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dc.contributor.authorFreed, Rachel Deborahen_US
dc.date.accessioned2016-03-22T15:29:58Z
dc.date.available2016-03-22T15:29:58Z
dc.date.issued2014
dc.identifier.urihttps://hdl.handle.net/2144/15247
dc.description.abstractOffspring of parents with bipolar disorder (BD) are at high risk for psychiatric disorders, but mechanisms conferring risk are not well understood. Identifying and understanding factors that increase offspring vulnerability may inform intervention efforts. Three studies examined the following risk factors: (1) obstetric complications (OCs); (2) family functioning; and (3) clinical characteristics of parental BD. Investigations included cross-sectional data from two Massachusetts General Hospital studies of 109 BD parents and 206 offspring. Study 1 examined associations between: (1) maternal lifetime comorbid anxiety and OCs in pregnancy/delivery; (2) OCs and development of offspring psychopathology. Associations emerged between maternal anxiety and OCs. OCs, particularly during delivery, also correlated with offspring anxiety disorders. Path analyses revealed that delivery complications mediated the relationship between maternal and offspring anxiety. Study 2 examined associations between family functioning (cohesion, expressiveness, conflict) and offspring psychopathology, and explored moderation by offspring age and sex. Higher conflict and lower cohesion correlated with offspring internalizing and externalizing symptoms. Lower cohesion correlated with offspring mood disorders. Moderation analyses indicated that the link between cohesion and internalizing symptoms was stronger for younger compared to older children. Also, conflict and mood disorder were associated in younger boys, but not in older boys or in girls. Study 3 classified parents according to BD course presentation using latent class analysis, and examined associations between parental class membership and offspring psychopathology. The best-fitting model yielded three parent groups that were based on 8 illness characteristics. Some notable patterns differentiated classes: Class 1 and 2 parents had earlier illness onset, whereas Class 3 parents had later onset; Class 2 consisted of parents with Bipolar-II Disorder, whereas Class 1 parents had Bipolar-I Disorder. Class differences emerged for offspring anxiety disorders, but only among females. Class 3 parents had girls with fewer anxiety disorders compared to the other classes, with girls of Class 2 parents at greatest risk. Altogether, these studies identify several specific environmental mechanisms that increase psychopathology risk in offspring of BD parents. Such findings have important implications for targeted prevention and intervention.en_US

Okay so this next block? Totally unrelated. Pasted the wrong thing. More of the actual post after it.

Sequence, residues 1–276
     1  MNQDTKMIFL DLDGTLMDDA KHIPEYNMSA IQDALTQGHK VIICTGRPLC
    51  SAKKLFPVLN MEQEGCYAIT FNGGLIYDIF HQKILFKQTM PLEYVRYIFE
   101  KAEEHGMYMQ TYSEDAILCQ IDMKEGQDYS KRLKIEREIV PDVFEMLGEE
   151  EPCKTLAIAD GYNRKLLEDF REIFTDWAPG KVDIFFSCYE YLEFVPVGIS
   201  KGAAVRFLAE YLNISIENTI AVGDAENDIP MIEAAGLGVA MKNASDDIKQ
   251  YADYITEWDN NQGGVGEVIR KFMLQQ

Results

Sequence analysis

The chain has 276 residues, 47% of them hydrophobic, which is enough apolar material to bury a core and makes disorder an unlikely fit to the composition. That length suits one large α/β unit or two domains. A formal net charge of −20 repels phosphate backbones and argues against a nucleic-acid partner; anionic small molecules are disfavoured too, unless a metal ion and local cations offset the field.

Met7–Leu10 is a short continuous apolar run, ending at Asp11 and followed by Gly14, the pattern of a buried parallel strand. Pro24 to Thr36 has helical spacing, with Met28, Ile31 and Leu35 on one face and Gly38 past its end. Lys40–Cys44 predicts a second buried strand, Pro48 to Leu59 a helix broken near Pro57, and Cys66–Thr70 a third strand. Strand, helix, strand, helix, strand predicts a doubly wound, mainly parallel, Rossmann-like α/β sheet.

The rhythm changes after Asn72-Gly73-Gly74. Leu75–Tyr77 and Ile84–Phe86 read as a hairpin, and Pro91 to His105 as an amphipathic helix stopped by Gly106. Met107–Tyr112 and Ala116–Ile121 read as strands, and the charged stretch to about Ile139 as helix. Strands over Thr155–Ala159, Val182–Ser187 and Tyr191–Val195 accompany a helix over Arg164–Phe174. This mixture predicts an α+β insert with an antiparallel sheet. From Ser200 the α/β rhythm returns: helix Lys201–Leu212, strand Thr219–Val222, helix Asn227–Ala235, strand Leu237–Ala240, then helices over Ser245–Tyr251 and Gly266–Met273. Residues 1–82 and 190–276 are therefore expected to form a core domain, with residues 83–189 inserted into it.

dc.language.isoen_US
dc.subjectClinical psychologyen_US
dc.subjectBipolar disorderen_US
dc.subjectCourse characteristicsen_US
dc.subjectFamily functioningen_US
dc.subjectHigh-risk offspringen_US
dc.subjectObstetrical complicationsen_US
dc.subjectRisk factorsen_US
dc.titlePsychopathology in offspring of parents with bipolar disorder: three studies exploring risken_US
dc.typeThesis/Dissertationen_US
dc.date.updated2016-03-12T07:10:21Z
etd.degree.nameDoctor of Philosophyen_US
etd.degree.leveldoctoralen_US
etd.degree.disciplinePsychological & Brain Sciencesen_US
etd.degree.grantorBoston Universityen_US


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